#SuzyCouture – Azzedine Alaïa: “My Roots are in Couture”

“It is not the first time that I have done haute couture, but it is to my own rhythm,” said Azzedine Alaïa after showing his first high fashion collection for six years.

“I’ve been doing couture since the start of my career,” he explained. “While I enjoyed – and still enjoy – ready-to-wear, my roots are in couture, all my clothes are made first by myself, all patterns are traced by me and then developed by my couture ateliers, where 30 people work every day only on couture pieces.

“Shows are not important to me,” the designer continued. “But it is one way of expressing my work.”

With these rare words, Alaïa’s passionate vision and intensely personal way of working made a clear statement in the confusion that is today’s haute couture. In all the chaos, he stands alone as keeper of the flame for design caressed by human hands.

Alaïa is nothing if not passionate. He showed it in the intense decoration of the clothes that opened the collection: the three-dimensional textures; the torrid red colour; Naomi Campbell offering not just a memory of her supermodel past but also proving how chic and wearable the new Autumn/Winter 2017 looks are.

At a time when everything in designer fashion seems to be questioned – with ready-to-wear creatives infiltrating the haute couture season and the See Now Buy Now philosophy as the antithesis of hands-on high fashion – Alaïa chose to make a statement.

The reclusive designer did that both with his intricately-made clothes and in words.

“I don’t see the difference between couture and ready-to-wear,” he said. “Everyone should do what feels good to express creativity.”

At the heart of the show was a sense that the designer’s perky dresses, which had once been short and sweet, had now become elongated in line. The above-the-knee coats with the fluffy surface and three-dimensional patterns of roses at times linked up with the same pattern on up-to-the-knee boots. Or boots and hose just rose upwards to offer not a tweak of bare flesh.

The thigh-high leopard print boots had a story to prove that Alaïa always takes the long view. The ‘Indiana’ boot was created by Salvatore Ferragamo in 1925 when this “shoemaker to the stars” was working in California, but it could not have looked more relevant to today.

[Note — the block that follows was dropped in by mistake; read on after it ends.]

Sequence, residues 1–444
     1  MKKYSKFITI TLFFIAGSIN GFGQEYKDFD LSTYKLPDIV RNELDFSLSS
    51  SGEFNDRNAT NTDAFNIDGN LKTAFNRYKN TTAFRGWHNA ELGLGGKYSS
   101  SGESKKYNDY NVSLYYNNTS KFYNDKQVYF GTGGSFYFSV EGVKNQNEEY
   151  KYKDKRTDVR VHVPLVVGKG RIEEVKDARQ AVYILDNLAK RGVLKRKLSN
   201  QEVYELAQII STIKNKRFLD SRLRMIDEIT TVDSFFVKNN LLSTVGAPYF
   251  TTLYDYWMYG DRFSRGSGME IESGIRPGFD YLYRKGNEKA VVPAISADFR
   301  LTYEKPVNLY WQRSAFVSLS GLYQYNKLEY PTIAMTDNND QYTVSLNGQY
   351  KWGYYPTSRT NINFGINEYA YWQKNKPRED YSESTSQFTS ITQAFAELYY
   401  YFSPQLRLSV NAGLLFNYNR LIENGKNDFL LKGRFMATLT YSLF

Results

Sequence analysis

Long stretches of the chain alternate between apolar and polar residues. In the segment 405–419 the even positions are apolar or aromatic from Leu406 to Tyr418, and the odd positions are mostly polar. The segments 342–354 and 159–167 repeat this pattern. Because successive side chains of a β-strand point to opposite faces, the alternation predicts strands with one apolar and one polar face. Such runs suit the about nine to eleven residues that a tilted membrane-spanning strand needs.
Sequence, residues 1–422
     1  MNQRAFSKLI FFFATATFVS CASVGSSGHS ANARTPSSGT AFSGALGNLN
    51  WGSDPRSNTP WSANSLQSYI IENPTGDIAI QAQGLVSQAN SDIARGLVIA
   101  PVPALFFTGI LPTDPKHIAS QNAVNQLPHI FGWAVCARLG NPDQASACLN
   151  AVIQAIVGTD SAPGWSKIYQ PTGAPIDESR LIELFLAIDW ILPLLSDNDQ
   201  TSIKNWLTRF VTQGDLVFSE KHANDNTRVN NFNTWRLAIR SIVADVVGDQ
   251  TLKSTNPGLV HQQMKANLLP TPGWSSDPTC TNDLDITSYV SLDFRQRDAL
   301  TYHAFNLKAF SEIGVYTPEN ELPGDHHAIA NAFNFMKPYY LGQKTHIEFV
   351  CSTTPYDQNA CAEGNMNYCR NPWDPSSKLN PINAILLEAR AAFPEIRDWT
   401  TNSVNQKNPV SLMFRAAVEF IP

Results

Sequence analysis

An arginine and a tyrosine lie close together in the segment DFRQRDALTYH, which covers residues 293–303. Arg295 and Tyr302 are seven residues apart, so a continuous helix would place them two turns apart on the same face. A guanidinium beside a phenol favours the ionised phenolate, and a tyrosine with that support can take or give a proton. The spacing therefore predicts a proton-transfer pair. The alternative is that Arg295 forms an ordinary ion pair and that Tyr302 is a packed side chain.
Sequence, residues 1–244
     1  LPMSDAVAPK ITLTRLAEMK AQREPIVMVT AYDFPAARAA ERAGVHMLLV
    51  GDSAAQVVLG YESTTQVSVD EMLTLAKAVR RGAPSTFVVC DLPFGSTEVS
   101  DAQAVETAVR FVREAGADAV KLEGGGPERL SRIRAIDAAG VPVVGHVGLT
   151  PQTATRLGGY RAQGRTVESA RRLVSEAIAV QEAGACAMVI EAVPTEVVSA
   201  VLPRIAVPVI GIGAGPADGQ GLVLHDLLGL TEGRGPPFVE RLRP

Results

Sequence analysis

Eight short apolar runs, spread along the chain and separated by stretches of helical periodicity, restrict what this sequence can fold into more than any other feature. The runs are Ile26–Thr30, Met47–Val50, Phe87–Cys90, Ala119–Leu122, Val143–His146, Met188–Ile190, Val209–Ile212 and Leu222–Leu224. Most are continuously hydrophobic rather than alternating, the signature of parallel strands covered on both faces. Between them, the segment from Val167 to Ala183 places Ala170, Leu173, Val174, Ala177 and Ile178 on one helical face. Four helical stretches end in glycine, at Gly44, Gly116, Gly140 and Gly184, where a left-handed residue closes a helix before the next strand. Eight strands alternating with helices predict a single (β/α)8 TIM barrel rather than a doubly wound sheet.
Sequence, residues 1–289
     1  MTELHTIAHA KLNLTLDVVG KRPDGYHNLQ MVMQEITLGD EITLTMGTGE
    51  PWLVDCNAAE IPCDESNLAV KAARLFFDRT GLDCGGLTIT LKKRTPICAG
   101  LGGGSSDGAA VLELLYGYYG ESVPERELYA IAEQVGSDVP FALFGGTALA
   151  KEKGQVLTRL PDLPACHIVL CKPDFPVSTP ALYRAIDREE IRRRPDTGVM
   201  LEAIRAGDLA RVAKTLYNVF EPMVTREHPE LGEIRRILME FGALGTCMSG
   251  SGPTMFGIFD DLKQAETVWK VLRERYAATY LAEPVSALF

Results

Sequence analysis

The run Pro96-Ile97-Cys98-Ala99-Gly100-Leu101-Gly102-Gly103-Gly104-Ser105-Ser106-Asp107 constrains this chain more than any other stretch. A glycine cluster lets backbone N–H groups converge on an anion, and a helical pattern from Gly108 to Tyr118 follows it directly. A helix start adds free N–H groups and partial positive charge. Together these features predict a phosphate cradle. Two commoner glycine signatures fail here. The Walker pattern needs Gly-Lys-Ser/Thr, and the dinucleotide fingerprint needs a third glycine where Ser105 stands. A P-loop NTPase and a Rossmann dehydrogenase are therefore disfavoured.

The same cover-up – modern elegance rather than anything prissy – applied to the clothes, which included a maxi-length python coat and textured dresses that stopped at the same point. Evening dresses were slightly longer, some falling straight, but with inserts of metallic lines to give the effect of glittering pleats.

“It is mostly fabrics with specially created leathers and embroidery and some knitwear, of course, because it is such a tool for creativity,” Alaïa explained. “But wool here is treated as a fabric. It is knitted by the metre. And all patterns and shapes were made by me and in my ateliers.”

This, of course, is the essence of the Azzedine Alaïa creations. Each one is invented and worked on by the designer himself, as I can testify. I have watched him at work over the years and have learned to appreciate the intensity of his vision and the concentration that is required to turn a concept into clothing.

The pieces that surprised me most in this new collection were the patterned, fluffy coats, as if begging to be stroked. But it was the continuity of the show that was exceptional, in its roll-out of modern looks from start to finish and in the sense that the designer had not changed his vision in all the years I had known him, from a small studio in the rue de Bellechasse on the Left Bank of Paris to his position today with the Richemont company financing a shop on London’s Bond Street.

But however wide Alaïa’s reach, we can be sure that his heart will be in his studio with hands and eyes on every single piece.